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Public Invited to Comment on Wild and Scenic Report for Lower Farmington River, Salmon Brook

Designation would still require Congressional approval.

After five years of study and the release of its recommendations, the National Park Service is seeking comment on a proposal to designate the lower Farmington River and Salmon Book as Wild and Scenic. 

The report is available on the National Park Service Planning, Environment and Public Comment (PEPC) Web site here and comments can be submitted through Oct. 17, 2012. 

"This is really the final step in the process before the designation," said Joyce Kennedy Raymes, study coordinator with the National Park Service. Actual designation will require congressional action.

The study report and environmental assessment came after an exhaustive process with the cooperation and support of all 10 towns involved and numerous organizations, Raymes said.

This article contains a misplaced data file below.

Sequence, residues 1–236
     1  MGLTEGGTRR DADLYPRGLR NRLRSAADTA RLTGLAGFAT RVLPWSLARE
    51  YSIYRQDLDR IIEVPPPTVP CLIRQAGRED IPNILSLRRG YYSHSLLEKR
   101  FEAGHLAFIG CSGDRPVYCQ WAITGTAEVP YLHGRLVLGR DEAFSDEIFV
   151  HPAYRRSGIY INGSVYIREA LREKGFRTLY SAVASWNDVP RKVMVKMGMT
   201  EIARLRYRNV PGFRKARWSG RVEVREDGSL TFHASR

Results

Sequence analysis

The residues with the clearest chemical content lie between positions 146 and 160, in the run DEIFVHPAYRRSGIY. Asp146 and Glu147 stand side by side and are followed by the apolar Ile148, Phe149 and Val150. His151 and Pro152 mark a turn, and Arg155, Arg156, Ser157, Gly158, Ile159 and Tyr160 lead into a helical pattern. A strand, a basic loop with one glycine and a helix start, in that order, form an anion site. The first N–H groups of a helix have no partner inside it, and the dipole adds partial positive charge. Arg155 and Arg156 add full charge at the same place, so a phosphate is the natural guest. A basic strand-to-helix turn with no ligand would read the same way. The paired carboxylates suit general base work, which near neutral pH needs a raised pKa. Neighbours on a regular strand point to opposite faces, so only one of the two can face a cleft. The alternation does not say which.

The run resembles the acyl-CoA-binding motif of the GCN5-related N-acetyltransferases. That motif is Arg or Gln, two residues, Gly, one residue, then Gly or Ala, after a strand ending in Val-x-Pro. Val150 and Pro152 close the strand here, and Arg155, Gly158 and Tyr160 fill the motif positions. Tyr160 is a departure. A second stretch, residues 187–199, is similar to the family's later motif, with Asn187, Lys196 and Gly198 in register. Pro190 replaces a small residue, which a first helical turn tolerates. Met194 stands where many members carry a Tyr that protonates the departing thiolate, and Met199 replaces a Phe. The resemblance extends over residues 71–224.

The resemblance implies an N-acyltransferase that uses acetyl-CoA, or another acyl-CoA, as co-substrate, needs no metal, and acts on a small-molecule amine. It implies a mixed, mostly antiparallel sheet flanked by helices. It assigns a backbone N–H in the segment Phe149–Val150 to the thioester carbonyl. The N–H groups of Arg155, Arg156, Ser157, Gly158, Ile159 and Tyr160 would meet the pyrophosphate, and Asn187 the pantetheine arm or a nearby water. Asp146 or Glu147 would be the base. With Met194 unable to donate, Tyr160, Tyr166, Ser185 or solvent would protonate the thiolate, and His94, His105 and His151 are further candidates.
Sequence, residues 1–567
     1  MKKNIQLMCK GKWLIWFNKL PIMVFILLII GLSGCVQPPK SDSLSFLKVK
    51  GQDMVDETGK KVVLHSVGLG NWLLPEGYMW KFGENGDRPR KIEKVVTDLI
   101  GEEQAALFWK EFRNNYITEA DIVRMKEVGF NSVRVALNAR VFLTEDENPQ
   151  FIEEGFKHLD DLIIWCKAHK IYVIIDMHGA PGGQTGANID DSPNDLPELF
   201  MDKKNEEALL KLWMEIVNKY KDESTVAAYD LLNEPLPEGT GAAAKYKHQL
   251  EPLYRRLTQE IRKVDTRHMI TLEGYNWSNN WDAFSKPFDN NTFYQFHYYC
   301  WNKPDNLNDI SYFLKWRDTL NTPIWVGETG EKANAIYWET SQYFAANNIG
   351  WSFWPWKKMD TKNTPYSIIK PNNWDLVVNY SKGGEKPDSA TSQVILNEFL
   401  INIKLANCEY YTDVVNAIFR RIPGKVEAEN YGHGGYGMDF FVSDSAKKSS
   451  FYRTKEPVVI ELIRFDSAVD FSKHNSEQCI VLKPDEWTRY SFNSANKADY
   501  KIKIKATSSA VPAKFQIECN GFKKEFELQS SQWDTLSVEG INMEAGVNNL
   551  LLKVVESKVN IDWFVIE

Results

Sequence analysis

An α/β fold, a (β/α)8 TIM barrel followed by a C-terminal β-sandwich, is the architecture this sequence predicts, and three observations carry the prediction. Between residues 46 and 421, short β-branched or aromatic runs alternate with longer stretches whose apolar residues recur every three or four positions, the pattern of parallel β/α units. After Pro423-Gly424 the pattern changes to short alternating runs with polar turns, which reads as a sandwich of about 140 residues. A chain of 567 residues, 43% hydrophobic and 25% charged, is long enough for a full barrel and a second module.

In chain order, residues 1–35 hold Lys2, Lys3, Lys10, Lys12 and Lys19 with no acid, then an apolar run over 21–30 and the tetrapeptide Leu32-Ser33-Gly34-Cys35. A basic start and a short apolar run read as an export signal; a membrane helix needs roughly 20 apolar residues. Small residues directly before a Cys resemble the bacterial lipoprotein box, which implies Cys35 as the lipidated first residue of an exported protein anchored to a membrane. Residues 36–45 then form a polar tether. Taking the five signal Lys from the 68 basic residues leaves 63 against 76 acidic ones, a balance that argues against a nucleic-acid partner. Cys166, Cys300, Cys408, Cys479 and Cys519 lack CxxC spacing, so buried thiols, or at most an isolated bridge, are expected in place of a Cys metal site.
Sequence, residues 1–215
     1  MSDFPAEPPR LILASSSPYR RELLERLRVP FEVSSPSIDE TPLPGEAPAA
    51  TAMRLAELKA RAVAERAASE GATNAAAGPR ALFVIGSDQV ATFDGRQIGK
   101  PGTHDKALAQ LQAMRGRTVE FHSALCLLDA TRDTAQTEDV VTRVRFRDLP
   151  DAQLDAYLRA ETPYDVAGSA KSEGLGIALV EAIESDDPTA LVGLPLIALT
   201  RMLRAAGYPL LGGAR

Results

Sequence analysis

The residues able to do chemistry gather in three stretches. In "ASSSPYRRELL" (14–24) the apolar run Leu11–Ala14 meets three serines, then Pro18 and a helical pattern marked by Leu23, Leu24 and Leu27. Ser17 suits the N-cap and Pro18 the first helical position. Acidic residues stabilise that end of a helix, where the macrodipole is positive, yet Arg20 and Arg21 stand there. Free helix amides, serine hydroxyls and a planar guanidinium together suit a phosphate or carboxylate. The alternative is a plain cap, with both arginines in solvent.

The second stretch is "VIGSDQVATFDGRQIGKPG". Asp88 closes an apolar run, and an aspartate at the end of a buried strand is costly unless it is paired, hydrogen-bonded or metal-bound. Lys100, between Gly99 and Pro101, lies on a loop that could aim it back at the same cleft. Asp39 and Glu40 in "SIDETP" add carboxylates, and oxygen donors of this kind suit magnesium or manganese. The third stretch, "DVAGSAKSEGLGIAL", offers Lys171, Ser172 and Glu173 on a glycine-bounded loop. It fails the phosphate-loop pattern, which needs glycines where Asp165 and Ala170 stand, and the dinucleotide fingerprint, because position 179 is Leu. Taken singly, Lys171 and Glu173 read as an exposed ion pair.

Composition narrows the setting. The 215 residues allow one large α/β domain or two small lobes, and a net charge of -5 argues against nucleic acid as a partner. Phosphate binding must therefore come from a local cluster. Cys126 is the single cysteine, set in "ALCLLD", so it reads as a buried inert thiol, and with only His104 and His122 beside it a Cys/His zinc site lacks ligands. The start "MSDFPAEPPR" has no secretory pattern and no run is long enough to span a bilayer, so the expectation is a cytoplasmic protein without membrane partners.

A 2.9-mile of the river from where the Nepaug River flows into it to .2 miles below the lower Collinsville dam would be exempt from the status due to the historical significance of the upper and lower dams as well as the town's interest in potentially bringing hydropower back online. The Rainbow Dam in Windsor would also be exempt. 

In 1994, the upper 14-miles of the Farmington River were designated and since then, a great partnership of parties has worked together to protect and enhance the river, according to the park service. The status can also result in greater federal assistance and grant funding, it added.

For more information or to request a printed copy of the report, contact Joyce Kennedy Raymes at (860) 658-4442 x.203. 

To learn more about the Wild and Scenic River Study visit http://www.lowerfarmingtonriver.org/

Terri Wilson July 28, 2012 at 04:48 PM
Great this project has gotten to this point. We will definitely be commenting in the affirmative about the river. It is such wonderful asset to the area and region. Congrats to all who worked so hard to get to this point. Terri and Lee Wilson Avon
Concerned Citizen July 28, 2012 at 06:40 PM
What effect will the huge contaminated dirt cleaning plant have on the area? The steam from the process will be blowing north 24 hours a day. The new plant is right over the Farmington line in Plainville. Did I mention it's right on the Pequabuck River.

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